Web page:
Impact of Jan Vishwas Act on Food, Drug, and Pharmacy Industry

Osheen Sharma , Guneet Mayall

October 27, 2023

Impact of Jan Vishwas Act on Food, Drug, and Pharmacy Industry

Indian legislation recently witnessed a momentous event when the Jan Vishwas (Amendment of Provisions) Act, 2023, (hereinafter referred to as the “Act”) was passed by the Indian Parliament in August 2023.

The government with the means of the Act, intended to achieve overall confidence amongst the masses towards living and doing business in India. The Act aims to encourage trust-based governance by way of decriminalizing and rationalizing the penalties through the amendment of 183 provisions across 42 laws, which includes the Drugs and Cosmetics Act, of 1940, the Food Safety and Standards Act, of 2006, and the Pharmacy Act, of 1948.

In this write-up, we intend to throw light on the amendments introduced by the Act specifically with respect to laws governing, the food, cosmetics, and pharmaceutical industry. It is an established fact that the food, cosmetics, and pharmaceutical industries, affect each and every Indian citizen given their incessant demand for subsistence which keeps rising with the rise in population making these industries lucrative for businesspeople and investors alike.

Brief overview of amendments in Food, Drug, and Pharmacy Law

  1. The Food Safety and Standards Act, 2006

    The Food Safety and Standards Act, 2006 (“FSSA”) in India holds great significance amongst food industry participants and potential foreign investors. It was formulated with the aim to ensure the safety and quality of food products, and consumer interests, and to help grow the Indian food industry. By way of this enactment, the Indian government has not only safeguarded public health, but it has also, catalyzed the expansion of the food industry by way of establishing uniform regulations, harmonizing with international standards, and streamlining processes. Thereby, provisions and operation of the FSSA coupled with factors such as the Indian food industry's diversity, offers rewarding opportunities for investment, innovation, and sustainable business ventures.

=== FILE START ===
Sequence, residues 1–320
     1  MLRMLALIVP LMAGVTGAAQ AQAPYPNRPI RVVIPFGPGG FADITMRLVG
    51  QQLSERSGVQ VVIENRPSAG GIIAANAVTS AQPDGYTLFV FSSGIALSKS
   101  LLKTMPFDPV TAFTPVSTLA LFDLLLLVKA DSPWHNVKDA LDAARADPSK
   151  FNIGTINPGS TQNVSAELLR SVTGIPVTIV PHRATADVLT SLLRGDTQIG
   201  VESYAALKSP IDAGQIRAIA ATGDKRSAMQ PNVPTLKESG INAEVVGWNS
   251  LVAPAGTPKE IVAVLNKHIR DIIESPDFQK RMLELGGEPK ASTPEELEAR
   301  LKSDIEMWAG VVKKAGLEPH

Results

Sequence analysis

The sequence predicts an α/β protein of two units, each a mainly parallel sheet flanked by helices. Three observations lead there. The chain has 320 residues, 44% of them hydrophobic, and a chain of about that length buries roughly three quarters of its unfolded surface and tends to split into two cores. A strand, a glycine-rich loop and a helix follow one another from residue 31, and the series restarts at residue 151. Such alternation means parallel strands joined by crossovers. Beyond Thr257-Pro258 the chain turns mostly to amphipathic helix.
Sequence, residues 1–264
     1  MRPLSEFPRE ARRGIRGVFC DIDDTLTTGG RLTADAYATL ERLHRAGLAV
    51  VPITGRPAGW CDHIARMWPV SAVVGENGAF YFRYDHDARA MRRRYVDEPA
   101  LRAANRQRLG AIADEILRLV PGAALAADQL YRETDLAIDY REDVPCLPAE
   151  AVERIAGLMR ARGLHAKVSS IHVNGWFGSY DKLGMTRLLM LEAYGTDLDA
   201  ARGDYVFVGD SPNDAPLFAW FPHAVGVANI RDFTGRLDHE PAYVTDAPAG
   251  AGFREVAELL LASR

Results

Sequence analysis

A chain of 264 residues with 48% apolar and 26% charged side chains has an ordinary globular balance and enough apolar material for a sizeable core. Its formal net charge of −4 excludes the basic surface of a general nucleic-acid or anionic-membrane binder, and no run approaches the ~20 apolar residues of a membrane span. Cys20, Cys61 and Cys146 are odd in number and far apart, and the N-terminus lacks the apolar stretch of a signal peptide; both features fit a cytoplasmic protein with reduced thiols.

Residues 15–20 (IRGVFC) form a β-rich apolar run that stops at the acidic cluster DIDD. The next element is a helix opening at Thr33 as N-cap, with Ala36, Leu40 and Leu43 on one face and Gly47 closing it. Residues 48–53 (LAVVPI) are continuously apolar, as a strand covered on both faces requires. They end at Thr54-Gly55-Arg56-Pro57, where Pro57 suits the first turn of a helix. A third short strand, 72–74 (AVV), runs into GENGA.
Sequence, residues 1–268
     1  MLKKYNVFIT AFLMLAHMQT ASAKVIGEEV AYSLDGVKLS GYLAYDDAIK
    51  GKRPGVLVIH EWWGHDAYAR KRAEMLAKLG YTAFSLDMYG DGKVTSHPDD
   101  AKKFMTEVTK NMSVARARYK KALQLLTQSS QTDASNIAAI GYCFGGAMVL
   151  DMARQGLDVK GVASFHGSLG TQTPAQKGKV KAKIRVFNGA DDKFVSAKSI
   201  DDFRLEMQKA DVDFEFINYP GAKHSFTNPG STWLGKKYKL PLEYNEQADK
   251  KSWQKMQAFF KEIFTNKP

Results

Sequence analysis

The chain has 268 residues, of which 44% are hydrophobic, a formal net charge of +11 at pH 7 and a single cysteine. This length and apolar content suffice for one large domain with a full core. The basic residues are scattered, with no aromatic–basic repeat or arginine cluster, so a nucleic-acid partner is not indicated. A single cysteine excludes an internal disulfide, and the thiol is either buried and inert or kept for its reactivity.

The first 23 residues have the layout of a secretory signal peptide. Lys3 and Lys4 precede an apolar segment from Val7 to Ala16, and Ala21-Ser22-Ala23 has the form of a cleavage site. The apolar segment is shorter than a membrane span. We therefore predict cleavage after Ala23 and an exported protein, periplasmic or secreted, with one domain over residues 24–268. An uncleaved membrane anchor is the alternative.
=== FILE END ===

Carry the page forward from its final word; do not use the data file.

Notably, under the Act, Section 59, 61, and 63 of the FSSA has been altered to rationalize the penal provisions as per the prevalent global industry standards while keeping in mind the present requirement of the industry and rising inflation, as discussed in detail herein.

  • Section 59 of the FSSA deals with the punishment for the sale, storage, distribution, manufacturing for sale, or import of any food article that is unsafe for human consumption. Under subclause (i) of Section 59 it is specified that if there is a failure to abide by this standard by any person, nonetheless if the same does not result in injury to any person, then such person contravening this section will be punished with imprisonment for a term extending to six (6) months along with fine of INR 1,00,000 (Indian National Rupees one lakh).